Your Apple product will eventually be made of an amorphous metal- Vitreloy. This is a member of a strange family of alloys called amorphous metals, otherwise known as liquidmetals. Amorphous alloys are metals that do not have a crystalline structure (if you have ever seen a broken piece of cast iron I’m sure you probably noticed the dull, gray crystalline structure) but they instead have a liquid/glass like composition. These amorphous metal alloys are much stronger than their crystalline metal counterparts, so parts can be lighter.
Liquid Technologies, inc is a spinoff of a long Caltech/NASA/DOE research project into amorphous metals. While Vitreloy has been commercially available since 2003, it is relatively expensive and we have not yet seen widespread use of the material- but that may change soon- Liquid Technologies granted Apple an exclusive license to use their alloys for consumer electronics last year.
An amazing thing about liquidmetals is that once formed, they can be reheated and molded- while retaining their amorphous, non-crystalline structure. In my mind I compare this to glass- once sand, etc becomes glass, the glass can be remelted, cool, and it is still glass- it doesn’t become sand again. So, liquidmetals can be diecast, injection molded, etc. Here is an article in Nature News, another in Plastics Today, and one more.
So, watch for the Ipad3 or 4 to have a Vitreloy frame. For you bicycle riders out there, amorphous metals will be playing their part soon.
If you get a wild inclination to be a penny stock investor, Liquid Technologies is trading at 16 cents a share, search “LQMT.OB.”
This little speaker is made of carbon nanotubes, and it functions as a thermoacoustic speaker. Whats kind of amazing is, unlike a conventional speaker, it doesn’t have to move to make sound. This speaker makes sound by way of abrupt temperature changes that pressurize the air, sending pressure waves (sound) without actually moving. So, look forward to one day walking through the trade show and picking up a promotional wind-breaker that will play a jingle. Wall paper as our surround sound. Maybe we can even have sound canceling blinds for the city sleeper. The nanotube & graphene era will be an interesting time. This particular speaker is made by the Finnish company, Canatu. Canatu, among others, is working towards commercializing this technology.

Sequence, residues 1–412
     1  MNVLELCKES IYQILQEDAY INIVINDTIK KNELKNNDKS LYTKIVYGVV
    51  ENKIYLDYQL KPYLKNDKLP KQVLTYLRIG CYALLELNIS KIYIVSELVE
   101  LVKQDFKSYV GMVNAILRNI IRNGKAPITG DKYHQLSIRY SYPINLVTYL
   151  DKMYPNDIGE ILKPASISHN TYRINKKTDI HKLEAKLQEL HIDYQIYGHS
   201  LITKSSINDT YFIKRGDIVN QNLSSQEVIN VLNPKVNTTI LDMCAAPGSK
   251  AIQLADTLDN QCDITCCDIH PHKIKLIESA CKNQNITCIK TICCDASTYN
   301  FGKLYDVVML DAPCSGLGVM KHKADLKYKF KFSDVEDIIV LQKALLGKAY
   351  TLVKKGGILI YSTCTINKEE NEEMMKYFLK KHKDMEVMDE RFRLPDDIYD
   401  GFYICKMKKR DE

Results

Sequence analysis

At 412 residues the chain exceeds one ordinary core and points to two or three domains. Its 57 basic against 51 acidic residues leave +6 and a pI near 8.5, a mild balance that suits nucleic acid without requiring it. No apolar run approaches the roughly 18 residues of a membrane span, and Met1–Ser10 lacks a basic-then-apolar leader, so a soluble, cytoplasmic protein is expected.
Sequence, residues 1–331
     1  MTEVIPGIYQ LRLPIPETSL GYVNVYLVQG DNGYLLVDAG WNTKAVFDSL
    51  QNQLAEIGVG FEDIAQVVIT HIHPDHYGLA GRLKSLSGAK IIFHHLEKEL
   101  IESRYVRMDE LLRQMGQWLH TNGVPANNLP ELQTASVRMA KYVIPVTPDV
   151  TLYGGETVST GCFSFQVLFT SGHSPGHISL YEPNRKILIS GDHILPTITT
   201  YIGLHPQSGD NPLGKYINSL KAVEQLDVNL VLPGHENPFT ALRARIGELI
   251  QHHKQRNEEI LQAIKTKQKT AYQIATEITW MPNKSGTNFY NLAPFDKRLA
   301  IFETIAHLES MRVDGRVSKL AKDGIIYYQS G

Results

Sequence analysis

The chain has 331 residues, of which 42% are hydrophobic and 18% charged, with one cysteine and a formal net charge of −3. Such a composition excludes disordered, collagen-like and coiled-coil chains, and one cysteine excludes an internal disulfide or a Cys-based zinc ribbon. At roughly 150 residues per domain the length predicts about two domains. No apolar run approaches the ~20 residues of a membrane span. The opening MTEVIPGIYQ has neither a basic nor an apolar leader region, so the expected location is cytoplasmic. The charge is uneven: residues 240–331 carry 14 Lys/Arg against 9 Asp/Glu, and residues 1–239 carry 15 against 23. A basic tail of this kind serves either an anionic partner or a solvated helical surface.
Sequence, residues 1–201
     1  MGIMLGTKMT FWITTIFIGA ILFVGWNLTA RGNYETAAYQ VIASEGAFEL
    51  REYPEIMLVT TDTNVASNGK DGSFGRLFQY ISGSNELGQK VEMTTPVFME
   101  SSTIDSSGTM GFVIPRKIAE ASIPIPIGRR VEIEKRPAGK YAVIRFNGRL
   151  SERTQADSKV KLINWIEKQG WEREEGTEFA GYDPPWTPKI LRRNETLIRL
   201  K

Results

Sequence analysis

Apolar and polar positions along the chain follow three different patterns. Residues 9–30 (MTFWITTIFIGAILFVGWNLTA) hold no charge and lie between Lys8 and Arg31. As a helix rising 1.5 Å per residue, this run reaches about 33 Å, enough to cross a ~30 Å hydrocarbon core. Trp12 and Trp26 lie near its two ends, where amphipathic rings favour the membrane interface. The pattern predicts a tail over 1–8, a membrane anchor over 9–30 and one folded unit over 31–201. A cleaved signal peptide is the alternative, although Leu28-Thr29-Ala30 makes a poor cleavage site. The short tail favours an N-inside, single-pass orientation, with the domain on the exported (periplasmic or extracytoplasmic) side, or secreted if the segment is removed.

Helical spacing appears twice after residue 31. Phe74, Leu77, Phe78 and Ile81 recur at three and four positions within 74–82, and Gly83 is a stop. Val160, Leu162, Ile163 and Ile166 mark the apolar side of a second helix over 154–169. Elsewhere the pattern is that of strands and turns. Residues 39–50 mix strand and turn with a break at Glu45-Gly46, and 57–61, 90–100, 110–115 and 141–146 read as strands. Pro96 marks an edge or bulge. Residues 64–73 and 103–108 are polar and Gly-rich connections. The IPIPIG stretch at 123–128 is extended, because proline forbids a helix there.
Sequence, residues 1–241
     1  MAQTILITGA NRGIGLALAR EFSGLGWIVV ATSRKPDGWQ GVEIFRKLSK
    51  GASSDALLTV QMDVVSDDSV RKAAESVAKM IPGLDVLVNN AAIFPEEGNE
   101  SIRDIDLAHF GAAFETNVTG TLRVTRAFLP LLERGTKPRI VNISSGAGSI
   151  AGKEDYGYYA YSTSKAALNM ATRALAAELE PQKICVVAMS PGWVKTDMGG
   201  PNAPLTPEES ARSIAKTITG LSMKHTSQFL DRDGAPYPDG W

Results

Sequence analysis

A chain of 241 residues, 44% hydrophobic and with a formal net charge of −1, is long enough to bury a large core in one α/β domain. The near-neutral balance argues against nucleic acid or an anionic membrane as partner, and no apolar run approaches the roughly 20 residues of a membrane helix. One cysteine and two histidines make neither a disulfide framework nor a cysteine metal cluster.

Black nickel plating is a nickel zinc alloy. This plating finish has a distinctive warm feeling to it- most all nickel plating has a warm color to it, but the warmth is even more apparent with the black nickel cuts down on the bright chrome-like reflections. There is a sort of vague iridescent coloration to the plating that gives more life to this finish than most other black finishes. One downside is that bright black nickel plate will take on fingerprints like nothing else.
Expanded aluminum, stainless, copper- the list goes on. If it is a metal sheet, chances are it can be expanded. This process is great, because there is not as much wasted material as there is when perforating metal. With expanded metal, the metal is slit and pulled into to shape (or expanded). Perforated metal is punched or cut out, leaving waste blanks.
It has a fairly clear visual impact, is relatively inexpensive, and is usually very strong for it’s weight. Maybe the visual impact is too strong- conjuring prisions, paddywagons, and industrial storage & machine cages. Available in a wide range of patterns, metals and gauges of metal, it seems like it warrants more use. Tiny expanded silver, someone?
Galvanized steel is seen all over the place. It is the little orphan workhorse of the metal finishes world- unglamorous and dependable, the hot dipped layer of zinc deposited on steel forms Zinc Oxide, the progressing to Zinc Carbonate once it hangs out with the steel long enough. If you think about where you see it, it is usually in very practical applications: agricultural silos and tanks, “tin” roofing, garden watering cans, pails, and chain-link fence.
I looked around to see if I could find examples of galvanized steel in applications where aesthetics play a more important role, but really couldn’t find much. One thing that might deter its use in more obscure applications is that welding it creates harmful fumes, so your one off- applications are less than easy. I want to see a galvanized motorcycle tank, and that is just the start of my list. There is something about that crystaline finish that is worth using, especially since it is so unpretentious. Stephen Atkinson made nice architectural use of galvanized roofing here, Nicholas Murcutt made beautiful use of a galvanized agricultural tank on his “Box House” project, below.
I have not seen to many examples of galvanized steel used in furniture, though you do see it used for greenhouse potting tables from time to time. I have seen it used for some Ikea items, but one of the better uses of it that I have seen comes from Piet Van Eek, who I really admire, his cabinet below…